Category Archives: Law: Everything Else

Bad Claims is the New Trump Litigation Strategy

Post-Mueller, the Trump Family1 has embarked on a novel litigation strategy: bringing really bad claims. Making terrible legal arguments is nothing new for the Trumps, but generally they’ve made those arguments as defendants, often while defending very amateurish and inept attempts to overturn Obama-era regulations. And almost universally, those lost.

Now, however, we see the Trump Family is moving on to offense2, and it’s not pretty: Treasury is setting up to argue it can ignore a quite clear statute requiring the IRS send Congress tax returns. Attorney General Barr, to his shame (if he has any), claims he can dictate to Congressional committees the terms of his appearances. Trump Family companies are suing Democratic House Oversight Committee Chairman Elijah Cummings to block a subpoenas on his finances and suing Deutsche Bank and Capital One to prevent them from complying with subpoenas.

What all these cases have in common is that the legal theories on which they are based are tenuous to non-existent.

What gives? These could simply be Hail Mary passes by the guilty: try this because you have nothing better.  Or they could be plays to delay bad news, maybe even run out the clock until the next election with appeals. Or, worst of all, they could be a cynical calculation that some or all of them might find favor before an increasingly stacked judiciary, and a very pro-Trump Supreme Court.  Or, why not, it could be all of the above.

All of these are bad answers.


  1. I have decided that from now on I will use the Mafia term while blogging, rather than call it an Administration. []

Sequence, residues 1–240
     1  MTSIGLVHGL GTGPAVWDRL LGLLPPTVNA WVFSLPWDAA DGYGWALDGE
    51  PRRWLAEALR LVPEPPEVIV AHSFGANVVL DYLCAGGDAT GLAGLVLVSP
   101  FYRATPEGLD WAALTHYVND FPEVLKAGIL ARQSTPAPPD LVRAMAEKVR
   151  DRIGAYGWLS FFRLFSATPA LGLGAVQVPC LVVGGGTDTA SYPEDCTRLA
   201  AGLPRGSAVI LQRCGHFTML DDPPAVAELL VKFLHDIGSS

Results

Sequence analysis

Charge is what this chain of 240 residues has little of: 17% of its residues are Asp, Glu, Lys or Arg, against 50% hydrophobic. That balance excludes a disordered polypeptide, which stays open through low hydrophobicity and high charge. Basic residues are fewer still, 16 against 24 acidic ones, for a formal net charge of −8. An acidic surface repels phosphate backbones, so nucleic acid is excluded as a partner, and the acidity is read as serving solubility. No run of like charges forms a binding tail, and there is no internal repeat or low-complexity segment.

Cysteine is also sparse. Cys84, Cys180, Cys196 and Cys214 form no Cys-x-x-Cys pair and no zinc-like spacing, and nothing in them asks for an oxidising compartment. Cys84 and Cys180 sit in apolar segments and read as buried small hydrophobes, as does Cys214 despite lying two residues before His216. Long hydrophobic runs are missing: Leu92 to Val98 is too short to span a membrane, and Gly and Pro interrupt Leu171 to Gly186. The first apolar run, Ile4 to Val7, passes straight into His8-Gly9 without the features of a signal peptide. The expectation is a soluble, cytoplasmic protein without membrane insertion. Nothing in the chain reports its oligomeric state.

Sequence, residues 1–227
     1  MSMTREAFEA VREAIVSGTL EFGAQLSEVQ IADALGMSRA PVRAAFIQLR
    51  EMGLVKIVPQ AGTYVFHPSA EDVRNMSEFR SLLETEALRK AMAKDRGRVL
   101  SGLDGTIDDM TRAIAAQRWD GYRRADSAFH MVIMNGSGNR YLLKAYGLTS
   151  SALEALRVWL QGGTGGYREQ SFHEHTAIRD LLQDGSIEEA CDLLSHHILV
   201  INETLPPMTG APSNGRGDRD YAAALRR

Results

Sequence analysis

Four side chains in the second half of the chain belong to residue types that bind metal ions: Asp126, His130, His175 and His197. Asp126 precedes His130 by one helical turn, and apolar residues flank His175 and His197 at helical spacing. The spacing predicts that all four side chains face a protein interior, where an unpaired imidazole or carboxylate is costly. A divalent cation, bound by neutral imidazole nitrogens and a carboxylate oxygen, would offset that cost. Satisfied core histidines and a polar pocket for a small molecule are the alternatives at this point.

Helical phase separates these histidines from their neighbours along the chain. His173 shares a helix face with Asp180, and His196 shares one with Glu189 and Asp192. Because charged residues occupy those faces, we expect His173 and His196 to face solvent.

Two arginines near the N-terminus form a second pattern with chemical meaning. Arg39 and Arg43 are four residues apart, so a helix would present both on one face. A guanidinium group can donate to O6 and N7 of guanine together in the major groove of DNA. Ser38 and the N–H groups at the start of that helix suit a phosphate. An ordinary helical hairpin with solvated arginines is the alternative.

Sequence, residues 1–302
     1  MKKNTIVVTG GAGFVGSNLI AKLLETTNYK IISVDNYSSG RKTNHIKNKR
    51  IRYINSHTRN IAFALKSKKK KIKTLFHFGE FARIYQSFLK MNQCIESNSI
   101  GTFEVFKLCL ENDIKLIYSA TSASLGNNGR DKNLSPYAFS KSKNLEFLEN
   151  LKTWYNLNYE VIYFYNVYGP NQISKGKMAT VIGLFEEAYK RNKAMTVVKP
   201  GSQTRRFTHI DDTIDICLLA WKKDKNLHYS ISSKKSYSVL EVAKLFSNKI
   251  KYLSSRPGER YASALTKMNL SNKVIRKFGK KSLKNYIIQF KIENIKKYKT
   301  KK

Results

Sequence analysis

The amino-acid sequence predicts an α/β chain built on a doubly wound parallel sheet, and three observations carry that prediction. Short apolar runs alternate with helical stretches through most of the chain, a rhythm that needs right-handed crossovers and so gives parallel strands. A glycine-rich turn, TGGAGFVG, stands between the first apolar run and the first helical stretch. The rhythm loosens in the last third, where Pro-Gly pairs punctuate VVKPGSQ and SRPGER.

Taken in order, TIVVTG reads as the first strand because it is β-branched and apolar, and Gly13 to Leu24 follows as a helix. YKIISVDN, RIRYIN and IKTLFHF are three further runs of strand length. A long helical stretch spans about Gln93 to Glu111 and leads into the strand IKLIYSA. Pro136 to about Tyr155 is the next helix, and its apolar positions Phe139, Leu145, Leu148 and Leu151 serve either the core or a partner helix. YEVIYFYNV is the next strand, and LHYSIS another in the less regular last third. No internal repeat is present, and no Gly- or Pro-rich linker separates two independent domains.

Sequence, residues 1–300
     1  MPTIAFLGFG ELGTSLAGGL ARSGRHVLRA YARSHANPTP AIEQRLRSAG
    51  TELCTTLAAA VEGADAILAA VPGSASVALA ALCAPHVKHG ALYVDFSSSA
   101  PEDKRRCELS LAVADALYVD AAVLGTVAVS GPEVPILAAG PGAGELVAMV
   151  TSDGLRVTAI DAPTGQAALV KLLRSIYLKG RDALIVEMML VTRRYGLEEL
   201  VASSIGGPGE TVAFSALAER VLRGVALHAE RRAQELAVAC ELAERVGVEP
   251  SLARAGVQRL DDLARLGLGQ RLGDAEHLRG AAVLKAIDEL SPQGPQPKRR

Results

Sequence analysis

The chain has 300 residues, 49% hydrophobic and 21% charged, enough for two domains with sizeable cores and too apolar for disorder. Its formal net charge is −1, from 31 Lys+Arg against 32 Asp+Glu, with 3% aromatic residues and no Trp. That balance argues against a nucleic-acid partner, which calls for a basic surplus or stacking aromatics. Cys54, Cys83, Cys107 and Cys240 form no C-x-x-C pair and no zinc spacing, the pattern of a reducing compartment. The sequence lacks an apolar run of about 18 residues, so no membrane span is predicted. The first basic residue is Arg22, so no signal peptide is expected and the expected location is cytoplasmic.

2. In the legal sense; in every other sense they’ve been there for quite some time. []
Posted in Law: Administrative Law, Law: Constitutional Law, Law: Ethics, Law: Everything Else, Law: The Supremes, The Scandals | Leave a comment

Useful Blog: The Vetting Room

I’ve just discovered The Vetting Room, which looks like a very useful blog offering short descriptions of the qualifications of, and potential controversies about, nominees to the federal judiciary.

Or, as they put it,

The Vetting Room is a legal blog dedicated to discussing, examining, and analyzing judicial nominations.  Specifically, we research the records of President Trump’s judicial nominees, condense the important issues, and present it for public use.  All of our investigations are conducted by volunteer attorneys who are committed to an independent and thorough review.  Our posts are the product of multiple rounds of research and editing, and sometimes include the contributions of multiple attorneys.

The Vetting Room is not formally affiliated with any partisan or nonpartisan groups, and maintains the primary goal of improving public engagement with the federal judicial confirmation process.

Posted in Law: Everything Else, Politics: US | Leave a comment

Apparently I Didn’t Vote Often Enough

While outcomes were good very locally–Donna Shalala is going to Congress, Javier Enrique Fernandez beat Javier Enriquez for the state House, state outcomes were bad, but with redeeming features.